Red, orange, yellow, brown, blue, green, and black, are the popular colors found in a Phad painting and each color serves a specific purpose. Green for trees and vegetation, brown for buildings and architectures, orange for torso and limbs, red for flags, thick borders, and royal cloths, blue for water, and yellow for ornaments, outlines, and clothes. Black is usually applied at the end as a final outline. Every inch of the canvas is usually covered in intricate details and designs. Eyes are the most important part of the paintings which are usually added last. After this, the painting is ready for worship. Since stories make up the core of these art forms, you’ll find several graceful figures distributed throughout the canvas in Phad paintings. The size and scale of each figure are determined by the social status they hold in the story that’s narrated. One of the most unique features of Phad paintings is that all the figures are flat. They don’t face the audience or the viewer of the painting, but each other.

Do you wish to learn the secrets and techniques of this wonderful art form? Does the thought of learning this art form from renowned Phad painting artists entice you? Then we have the perfect solution for you. Hop on to Rajasthan Studio’s Masterclass page and pick a workshop session that’s convenient to you and get ready to become a Phad painting pro artist. Exciting news! Get trained personally from the artist who is adept at it. Hakuna Matata! Get all of it at one click.

Mobile Temples Of Rajasthan – Phad Painting With Pradeep Mukherjee & Shamsher Khan

Masterclass Workshop
A glimpse from the Masterclass Workshop

What is a Masterclass Workshop?

Rajasthan Studio has specially curated personalized Masterclass Workshops. This ensures the privilege of one to one learning from the expert artists. We only take limited seats in each workshop. Not only you can understand the art technique vividly but also practically do it along. Take back best of the learnt skills and art pieces.

Phad Painting, Image source: ArtsofIndia

Carrying the Legacy Forward

Owing to the deep-rooted culture and traditions associated with this art form, the techniques involved in these paintings were closely guarded for several years. However, the threat of extinction led to its revival and prompted Shree Lal Ji Joshi, a celebrated Phad painter, and Padma Shri recipient, to set up Joshi Kala Kunj in 1960. The school, now renamed Chitrashala, specializes in teaching the art of Phad painting without compromising on the techniques and originality of the art form. While once the art form was only taught to permanent members of the Joshi family, in Chitrashala. Artists from everywhere are taught the secrets of Phad, which has led to the revival and popularization of this beautiful art form. Moreover, besides Devnarayanji and Pabuji, characters and stories from Mahabharata, Ramayana, Hanuman Chalisa, and even the Panchatantra are depicted on the paintings to make them more attractive to the masses.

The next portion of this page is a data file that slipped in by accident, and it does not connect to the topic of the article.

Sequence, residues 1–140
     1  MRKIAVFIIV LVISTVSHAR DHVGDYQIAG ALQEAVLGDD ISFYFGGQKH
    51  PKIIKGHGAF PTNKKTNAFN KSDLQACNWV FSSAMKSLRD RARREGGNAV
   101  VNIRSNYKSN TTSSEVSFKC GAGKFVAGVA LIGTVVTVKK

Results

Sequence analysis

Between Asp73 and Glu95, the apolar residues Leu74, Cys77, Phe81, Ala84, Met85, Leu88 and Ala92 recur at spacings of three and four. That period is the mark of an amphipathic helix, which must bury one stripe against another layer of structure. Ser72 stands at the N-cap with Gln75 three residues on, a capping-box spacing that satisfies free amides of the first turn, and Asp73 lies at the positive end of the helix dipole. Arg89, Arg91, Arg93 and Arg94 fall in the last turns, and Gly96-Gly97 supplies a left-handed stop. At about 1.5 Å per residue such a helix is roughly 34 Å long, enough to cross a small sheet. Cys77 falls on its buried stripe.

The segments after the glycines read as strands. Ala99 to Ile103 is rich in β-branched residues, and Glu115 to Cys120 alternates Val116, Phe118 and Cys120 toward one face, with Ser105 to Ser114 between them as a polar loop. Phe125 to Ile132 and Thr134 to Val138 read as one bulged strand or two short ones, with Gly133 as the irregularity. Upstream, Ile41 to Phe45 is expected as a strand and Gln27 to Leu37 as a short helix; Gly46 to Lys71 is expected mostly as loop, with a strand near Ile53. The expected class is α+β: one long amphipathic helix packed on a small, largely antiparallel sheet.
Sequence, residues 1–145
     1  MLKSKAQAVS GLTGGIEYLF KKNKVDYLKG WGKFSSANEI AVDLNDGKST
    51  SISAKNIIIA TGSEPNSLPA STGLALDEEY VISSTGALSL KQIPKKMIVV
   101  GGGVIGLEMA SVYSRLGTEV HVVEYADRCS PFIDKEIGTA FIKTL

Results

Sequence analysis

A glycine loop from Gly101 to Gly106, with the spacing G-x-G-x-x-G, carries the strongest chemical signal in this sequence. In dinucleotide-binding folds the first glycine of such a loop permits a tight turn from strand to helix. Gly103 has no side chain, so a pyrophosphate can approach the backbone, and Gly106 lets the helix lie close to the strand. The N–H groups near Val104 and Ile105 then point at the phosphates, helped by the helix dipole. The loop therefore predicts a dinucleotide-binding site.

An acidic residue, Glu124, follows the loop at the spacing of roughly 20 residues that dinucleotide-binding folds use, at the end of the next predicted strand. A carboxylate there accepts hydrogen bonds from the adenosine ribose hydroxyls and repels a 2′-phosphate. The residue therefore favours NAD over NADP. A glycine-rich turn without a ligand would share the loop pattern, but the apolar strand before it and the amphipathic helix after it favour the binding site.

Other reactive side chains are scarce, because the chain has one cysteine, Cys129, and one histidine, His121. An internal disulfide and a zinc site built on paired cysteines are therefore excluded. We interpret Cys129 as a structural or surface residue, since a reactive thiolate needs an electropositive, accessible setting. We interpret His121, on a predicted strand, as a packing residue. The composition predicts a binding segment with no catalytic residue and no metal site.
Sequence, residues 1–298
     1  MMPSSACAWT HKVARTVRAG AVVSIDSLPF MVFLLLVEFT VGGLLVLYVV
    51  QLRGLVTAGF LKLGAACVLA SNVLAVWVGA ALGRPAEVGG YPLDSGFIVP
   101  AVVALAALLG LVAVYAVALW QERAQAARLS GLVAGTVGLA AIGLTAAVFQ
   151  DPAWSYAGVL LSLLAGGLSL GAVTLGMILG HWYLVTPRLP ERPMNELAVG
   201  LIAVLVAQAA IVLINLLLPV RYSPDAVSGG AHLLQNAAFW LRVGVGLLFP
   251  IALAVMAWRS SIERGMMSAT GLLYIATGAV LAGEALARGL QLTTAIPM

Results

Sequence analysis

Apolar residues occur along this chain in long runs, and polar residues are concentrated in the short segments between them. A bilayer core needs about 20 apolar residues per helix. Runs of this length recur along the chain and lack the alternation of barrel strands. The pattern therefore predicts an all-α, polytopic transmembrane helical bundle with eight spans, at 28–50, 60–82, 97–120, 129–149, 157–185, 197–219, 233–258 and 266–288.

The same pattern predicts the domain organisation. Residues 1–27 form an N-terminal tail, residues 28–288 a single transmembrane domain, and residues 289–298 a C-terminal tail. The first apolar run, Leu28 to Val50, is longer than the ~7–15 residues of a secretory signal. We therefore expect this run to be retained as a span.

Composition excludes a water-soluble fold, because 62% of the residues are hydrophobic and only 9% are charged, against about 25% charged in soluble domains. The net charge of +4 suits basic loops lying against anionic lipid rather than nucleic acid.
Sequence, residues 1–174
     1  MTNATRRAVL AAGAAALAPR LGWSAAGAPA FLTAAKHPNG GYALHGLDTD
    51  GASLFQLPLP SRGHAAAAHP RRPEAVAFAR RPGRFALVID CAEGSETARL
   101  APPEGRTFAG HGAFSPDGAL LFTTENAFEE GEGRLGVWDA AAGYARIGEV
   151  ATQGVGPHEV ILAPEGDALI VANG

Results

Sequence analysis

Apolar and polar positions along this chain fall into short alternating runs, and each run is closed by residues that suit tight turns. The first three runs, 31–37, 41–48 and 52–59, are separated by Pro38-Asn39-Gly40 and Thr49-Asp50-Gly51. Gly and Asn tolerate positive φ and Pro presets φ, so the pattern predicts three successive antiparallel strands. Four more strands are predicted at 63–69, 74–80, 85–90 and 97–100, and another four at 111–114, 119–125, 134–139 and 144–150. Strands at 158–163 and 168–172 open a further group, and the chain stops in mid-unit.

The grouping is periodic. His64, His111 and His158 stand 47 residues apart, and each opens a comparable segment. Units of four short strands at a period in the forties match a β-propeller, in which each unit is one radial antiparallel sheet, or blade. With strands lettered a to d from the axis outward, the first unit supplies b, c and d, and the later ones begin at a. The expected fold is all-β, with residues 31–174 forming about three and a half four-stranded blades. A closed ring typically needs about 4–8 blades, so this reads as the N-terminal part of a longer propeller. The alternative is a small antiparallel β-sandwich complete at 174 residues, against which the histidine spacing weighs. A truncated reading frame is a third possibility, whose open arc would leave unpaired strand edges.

Phad painting, Image source:

In a nutshell:

Thanks to all the revival attempts by the Joshi family and other renowned Phad artists. This wonderful art form continues to exist even today, creating employment for Phad artists and increasing its commercial value. However, despite these efforts, the number of artists who practice Phad painting full-time is staggeringly low. These ancient artistic traditions seeped in richness and culture need to be preserved and promoted on a larger scale not just because of their visual appeal. But also because they are a reflection of India’s glorious culture and the carrier of our traditions, folklore, and stories.

Follow Rajasthan Studio on Instagram for more amazing art and travel content. Reach out to us on email at contact[at]rajasthanstudio[dot]com. This blog is curated by Rajasthan Studio and written by Shivai Rai.